The Iraqi government also announces changes to the national electricity system to make electricity production more efficient in the coming years

Iraq opens hybrid gas-steam plant in line with electricity industry upgrade plan

photo_camera PHOTO/TASS/SUMA/AHMAD HALABISAZ - Companies such as Rosneft have strategic cooperation agreements with the National Iranian Oil Company.

After facing a long process of electricity instability, Iraq continues on its path towards improving its electricity infrastructure and restoring it. The country has just inaugurated a new hybrid plant in the southwest of the country that will run on gas and steam. According to the official Iraqi News Agency, this new building will be capable of producing some 750 MW of electricity. 

The Iraqi government's plans are still on track. The news source claims that this is a plant that will guarantee a good quality of electricity to the national grid. It added that the gas it needs to operate is of Iraqi origin, produced in the Maysan fields. The government says that, given the current situation, any innovation or project is a development in the field of energy production. 

The plant will soon start operating in two phases to produce electricity. In this way, a reduction of damage and waste of energy is ensured which leads to minimal gas and carbon emission. This ensures that the environment is protected while electricity production is better and more efficient. 

AFP/SABAH ARAR - Un hombre iraquí trabaja en los cables el 16 de julio de 2021, de un proveedor privado de generadores eléctricos en el distrito de Ciudad Sadr de Bagdad

The plant will feature an innovative and new system for a country like Iraq that has yet to upgrade its entire national electricity system. This building will include a gas turbine unit produced by the German firm Siemens, advanced ring combustion room with individually replaceable heat shields, and an improved hydraulic disposal regime that reduces free space losses and increases the likelihood that corrosion will be reduced and the infrastructure will last much longer.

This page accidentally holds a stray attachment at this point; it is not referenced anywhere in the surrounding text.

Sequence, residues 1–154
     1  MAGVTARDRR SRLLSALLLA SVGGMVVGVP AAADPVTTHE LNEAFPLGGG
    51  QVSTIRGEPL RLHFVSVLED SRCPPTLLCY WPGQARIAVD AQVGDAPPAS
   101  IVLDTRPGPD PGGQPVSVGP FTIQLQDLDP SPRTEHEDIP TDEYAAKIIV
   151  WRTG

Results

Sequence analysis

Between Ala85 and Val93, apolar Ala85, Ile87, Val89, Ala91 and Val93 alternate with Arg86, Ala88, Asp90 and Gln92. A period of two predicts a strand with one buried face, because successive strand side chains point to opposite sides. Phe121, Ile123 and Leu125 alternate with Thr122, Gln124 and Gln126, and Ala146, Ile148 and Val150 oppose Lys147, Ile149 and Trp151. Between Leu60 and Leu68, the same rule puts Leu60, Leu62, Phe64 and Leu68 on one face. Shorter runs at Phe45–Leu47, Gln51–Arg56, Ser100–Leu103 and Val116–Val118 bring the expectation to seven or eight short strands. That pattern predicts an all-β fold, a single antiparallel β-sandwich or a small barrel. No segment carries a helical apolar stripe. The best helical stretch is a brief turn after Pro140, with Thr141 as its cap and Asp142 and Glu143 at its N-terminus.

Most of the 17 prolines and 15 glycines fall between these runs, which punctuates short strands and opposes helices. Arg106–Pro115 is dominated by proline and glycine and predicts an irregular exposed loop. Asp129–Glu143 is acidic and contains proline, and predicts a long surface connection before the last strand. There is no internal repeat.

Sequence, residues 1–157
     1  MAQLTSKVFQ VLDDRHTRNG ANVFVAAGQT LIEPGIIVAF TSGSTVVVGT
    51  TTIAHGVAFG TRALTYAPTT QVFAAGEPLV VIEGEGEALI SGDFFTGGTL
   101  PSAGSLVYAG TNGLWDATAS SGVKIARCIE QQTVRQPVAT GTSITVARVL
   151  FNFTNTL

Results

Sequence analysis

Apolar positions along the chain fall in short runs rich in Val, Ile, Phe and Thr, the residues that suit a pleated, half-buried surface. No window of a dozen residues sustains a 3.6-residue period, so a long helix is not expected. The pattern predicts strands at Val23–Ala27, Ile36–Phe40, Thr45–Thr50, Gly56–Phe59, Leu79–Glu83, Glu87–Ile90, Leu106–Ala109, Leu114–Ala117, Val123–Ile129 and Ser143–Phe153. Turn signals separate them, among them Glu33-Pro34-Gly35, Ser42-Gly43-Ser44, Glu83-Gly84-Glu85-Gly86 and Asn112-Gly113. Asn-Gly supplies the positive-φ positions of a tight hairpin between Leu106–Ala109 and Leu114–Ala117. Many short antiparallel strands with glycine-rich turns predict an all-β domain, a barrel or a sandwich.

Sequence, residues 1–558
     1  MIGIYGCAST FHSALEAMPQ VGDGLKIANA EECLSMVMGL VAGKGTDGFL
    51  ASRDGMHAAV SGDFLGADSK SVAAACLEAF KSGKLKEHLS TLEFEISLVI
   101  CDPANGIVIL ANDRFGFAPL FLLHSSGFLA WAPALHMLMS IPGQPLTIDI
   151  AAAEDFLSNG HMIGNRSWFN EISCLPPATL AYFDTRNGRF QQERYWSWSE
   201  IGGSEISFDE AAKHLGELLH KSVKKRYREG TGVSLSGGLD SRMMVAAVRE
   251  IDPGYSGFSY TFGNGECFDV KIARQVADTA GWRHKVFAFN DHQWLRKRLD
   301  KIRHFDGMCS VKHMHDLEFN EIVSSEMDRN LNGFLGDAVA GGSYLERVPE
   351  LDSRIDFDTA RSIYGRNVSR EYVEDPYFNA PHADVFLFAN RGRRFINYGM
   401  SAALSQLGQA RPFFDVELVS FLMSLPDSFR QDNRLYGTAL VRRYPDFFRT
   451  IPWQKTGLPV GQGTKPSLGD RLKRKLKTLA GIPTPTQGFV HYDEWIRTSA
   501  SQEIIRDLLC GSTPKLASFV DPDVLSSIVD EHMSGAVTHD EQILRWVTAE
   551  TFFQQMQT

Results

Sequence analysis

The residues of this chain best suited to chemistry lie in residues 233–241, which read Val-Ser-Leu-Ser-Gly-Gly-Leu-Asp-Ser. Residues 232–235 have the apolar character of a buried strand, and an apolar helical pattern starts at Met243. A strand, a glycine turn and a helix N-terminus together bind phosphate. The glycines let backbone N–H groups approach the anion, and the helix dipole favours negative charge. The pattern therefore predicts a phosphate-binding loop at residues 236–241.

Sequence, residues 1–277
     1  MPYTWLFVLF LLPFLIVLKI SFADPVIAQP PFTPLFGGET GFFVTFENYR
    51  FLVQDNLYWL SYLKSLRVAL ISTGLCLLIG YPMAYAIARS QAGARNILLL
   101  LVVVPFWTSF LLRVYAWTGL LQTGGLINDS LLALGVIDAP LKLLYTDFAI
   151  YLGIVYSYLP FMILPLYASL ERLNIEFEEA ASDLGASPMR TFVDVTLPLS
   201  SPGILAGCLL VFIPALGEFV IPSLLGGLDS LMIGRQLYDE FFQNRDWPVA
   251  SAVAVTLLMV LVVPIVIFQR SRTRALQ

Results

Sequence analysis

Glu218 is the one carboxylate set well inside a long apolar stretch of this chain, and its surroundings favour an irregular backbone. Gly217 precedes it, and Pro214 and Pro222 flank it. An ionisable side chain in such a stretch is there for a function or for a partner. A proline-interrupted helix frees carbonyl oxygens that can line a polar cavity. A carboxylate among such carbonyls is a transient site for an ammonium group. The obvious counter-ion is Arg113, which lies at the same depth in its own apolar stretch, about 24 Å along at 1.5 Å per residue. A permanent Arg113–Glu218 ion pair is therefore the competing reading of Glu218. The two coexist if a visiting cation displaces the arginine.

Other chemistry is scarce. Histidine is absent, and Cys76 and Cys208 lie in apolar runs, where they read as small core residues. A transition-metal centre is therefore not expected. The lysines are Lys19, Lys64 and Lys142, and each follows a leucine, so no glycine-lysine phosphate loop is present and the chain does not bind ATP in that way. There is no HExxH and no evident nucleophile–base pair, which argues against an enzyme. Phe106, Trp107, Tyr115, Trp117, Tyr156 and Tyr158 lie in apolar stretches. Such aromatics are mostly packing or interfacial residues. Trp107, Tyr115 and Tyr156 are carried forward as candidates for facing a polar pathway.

As a result of these developments, the Iraqi electricity system has improved its additional production by more than 50% with the implementation of new gas-fired plants. Moreover, these have no additional fuel consumption, as they take advantage of heat exchangers and steam turbines that ensure that no heat escapes from the gases. These tubes also come from Siemens and have a production capacity of around 329 MW. Their simple cycle works with an efficiency of up to 41%, while the installed cycle has an efficiency of 58%. 

AFP/HUSSEIN FALEH - Instalación de procesamiento en Artawi, cerca de la ciudad portuaria de Basora, en el sur de Irak

Coinciding with the opening of this new plant, the Ministry of Electricity has announced that the country will enter into a new energy plan. This project will include different types of energy sources, alternative financing, energy augmentation and elimination through the transport and distribution sector. By 2025, Iraq will achieve an additional production of 44,000 MW per year.

Currently, the Gulf nation produces 20,000 MW of electricity, far short of the 24,000 MW it needs to cover its energy costs. Although energy is still scarce today, it is expected to grow by 2050 around the UN's projection of a doubling of its population.
A decades-long problem

Iraq has been suffering from energy shortages for decades due to various wars, Daesh and Iranian control. Over the years, the country has been involved in large demonstrations because of these problems, as the government has been forced to cut the electricity, especially in summer, when air conditioning is needed due to the high temperatures. 

PHOTO/AFP - Buque cisterna de gas natural licuado (GNL) qatarí siendo cargado con GNL en el puerto marítimo de Raslaffans, al norte de Qatar

It should be noted that this situation has resulted in the Ministry of Electricity having to work according to the system of scheduled outages to equip people with electricity during some hours of the day. Meanwhile, some residents had to buy electricity from private plants to compensate for the power shortage.

To find the solution, the government has tried to introduce more than five partnerships to restore the service of large power plants. But all have been in vain as they have never been reinstated for reasons such as lack of understanding, corruption and bureaucracy.

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